Jerusalem: No need to be stung twice
By: Hakkı Öcal
Source: Daily Sabah
A long time ago, the Entente Cordiale, the Anglo-French agreement that ended antagonism between Great Britain and France before World War I, was in danger of collapse thanks to both sides’ voracity in sharing the Ottoman lands. They reluctantly signed a secret deal. The infamous Sykes-Picot agreement enabled them to create five countries, run the region for 30 years and sow the seeds of the most fiendish struggle between Muslims and Jews.
This agreement came into being with difficulty, as both sides believed that the other was cheating to get a better share of Ottoman Arab territory. Without telling each other, they promised Sharif Hussein, the emir of Mecca, to be the ruler of the proposed Arab country. But when Imperial Russia turned into Communist Russia and spilled all the beans, the new president of the U.S., Woodrow Wilson, being a self-respecting academic, hated what the old world had been doing behind his back. However, a single paragraph in a letter from United Kingdom Foreign Secretary James Balfour to Walter Rothschild, a leader of the British Jewish community, not only won the hearts and minds of American Jewry and the support of Wilson, but also changed the region forever. Hoping that a proposed Jewish homeland in Ottoman Palestine would gain the support of American Jews for the Anglo-French plans, the canny British thus proposed to give Palestine to Jewish settlers.
Palestine was home to a very elaborate social structure even before Ottoman rule; Turks learned from its intricate social and legal mechanisms developed through the centuries to govern a multi-religion, multi-ethnic society. All Jewish immigrants seeking refuge here would enjoy religious freedoms denied to them in Europe.
Alas, first the aggressive land policy of the Zionists and their military preparation for war, later the UN’s inability to deal with the Zion-Arab conflict and finally the partition of Palestine in two turned this land of fraternity and peace into a war zone and an open-air dungeon for Palestinian Muslims. As they say the rest is history.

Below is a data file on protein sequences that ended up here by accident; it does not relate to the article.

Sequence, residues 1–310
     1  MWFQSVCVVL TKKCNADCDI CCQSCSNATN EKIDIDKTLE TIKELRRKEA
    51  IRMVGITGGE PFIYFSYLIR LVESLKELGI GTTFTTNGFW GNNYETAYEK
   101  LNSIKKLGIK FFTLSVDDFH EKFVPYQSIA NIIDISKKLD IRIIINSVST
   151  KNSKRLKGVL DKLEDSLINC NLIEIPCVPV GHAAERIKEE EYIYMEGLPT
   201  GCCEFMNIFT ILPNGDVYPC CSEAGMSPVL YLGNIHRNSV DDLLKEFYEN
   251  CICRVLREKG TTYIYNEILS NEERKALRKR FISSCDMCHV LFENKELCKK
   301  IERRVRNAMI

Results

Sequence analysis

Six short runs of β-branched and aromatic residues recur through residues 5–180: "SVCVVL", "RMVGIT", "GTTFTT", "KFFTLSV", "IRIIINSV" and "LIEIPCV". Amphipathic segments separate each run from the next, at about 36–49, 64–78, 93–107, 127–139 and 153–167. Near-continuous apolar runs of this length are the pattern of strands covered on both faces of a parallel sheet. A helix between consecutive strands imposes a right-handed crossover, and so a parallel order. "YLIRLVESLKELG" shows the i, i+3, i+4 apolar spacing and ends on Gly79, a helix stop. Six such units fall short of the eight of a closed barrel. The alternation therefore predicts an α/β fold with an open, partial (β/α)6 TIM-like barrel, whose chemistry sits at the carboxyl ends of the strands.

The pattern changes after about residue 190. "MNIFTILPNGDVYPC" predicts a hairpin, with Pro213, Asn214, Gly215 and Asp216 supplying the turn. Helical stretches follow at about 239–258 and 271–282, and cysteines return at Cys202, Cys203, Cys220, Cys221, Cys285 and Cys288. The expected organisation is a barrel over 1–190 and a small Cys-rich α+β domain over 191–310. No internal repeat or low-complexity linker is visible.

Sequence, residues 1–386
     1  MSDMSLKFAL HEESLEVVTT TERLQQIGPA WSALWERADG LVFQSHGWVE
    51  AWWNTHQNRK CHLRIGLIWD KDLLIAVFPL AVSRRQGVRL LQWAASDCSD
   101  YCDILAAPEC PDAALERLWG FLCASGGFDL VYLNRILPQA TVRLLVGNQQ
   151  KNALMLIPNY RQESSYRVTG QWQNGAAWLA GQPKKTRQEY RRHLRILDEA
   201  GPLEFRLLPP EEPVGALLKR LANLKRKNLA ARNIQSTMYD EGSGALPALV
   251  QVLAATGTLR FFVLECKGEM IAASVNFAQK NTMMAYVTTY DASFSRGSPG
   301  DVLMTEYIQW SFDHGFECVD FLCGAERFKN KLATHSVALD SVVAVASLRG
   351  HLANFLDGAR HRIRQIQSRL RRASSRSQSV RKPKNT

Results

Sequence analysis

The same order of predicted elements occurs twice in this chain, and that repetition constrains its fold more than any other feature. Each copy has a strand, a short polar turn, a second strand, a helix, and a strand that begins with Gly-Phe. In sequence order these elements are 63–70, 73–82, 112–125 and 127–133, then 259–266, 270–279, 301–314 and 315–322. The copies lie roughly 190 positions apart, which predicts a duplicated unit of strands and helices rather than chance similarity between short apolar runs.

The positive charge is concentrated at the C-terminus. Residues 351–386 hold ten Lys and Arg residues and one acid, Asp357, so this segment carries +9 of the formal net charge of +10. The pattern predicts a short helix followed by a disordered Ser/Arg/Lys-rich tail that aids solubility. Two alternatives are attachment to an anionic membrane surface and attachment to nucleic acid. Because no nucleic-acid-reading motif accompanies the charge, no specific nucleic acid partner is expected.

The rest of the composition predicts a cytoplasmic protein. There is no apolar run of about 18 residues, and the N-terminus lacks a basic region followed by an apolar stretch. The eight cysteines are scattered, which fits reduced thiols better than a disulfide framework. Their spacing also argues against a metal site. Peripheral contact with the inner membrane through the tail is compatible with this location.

President Recep Tayyip Erdoğan reminded us yet again of the precarious existence of Muslims in Jerusalem. He urged more Muslims to visit the Temple Mount, the noble sanctuary site in the city. Speaking in Istanbul at the International Forum on Al-Quds Waqfs (Jerusalem Foundations), a conference to promote Palestinian economic development, Erdoğan suggested “hundreds of thousands” of Muslims should make the trip.
As a last straw to test the patience of the Palestinians, Israel plans to place restrictions on the Muslim call to prayer, the adhan. As Erdoğan said, it is impossible to establish peace in Palestine if the international community remains indifferent to the cruelty and destruction of these social structures. Israeli attempts to change the status quo in the Al-Aqsa Mosque cannot be realized without destroying the Muslim Waqf (religious charity foundation that controls the mosque). The Muslim world should not allow history to repeat itself in Al-Aqsa.
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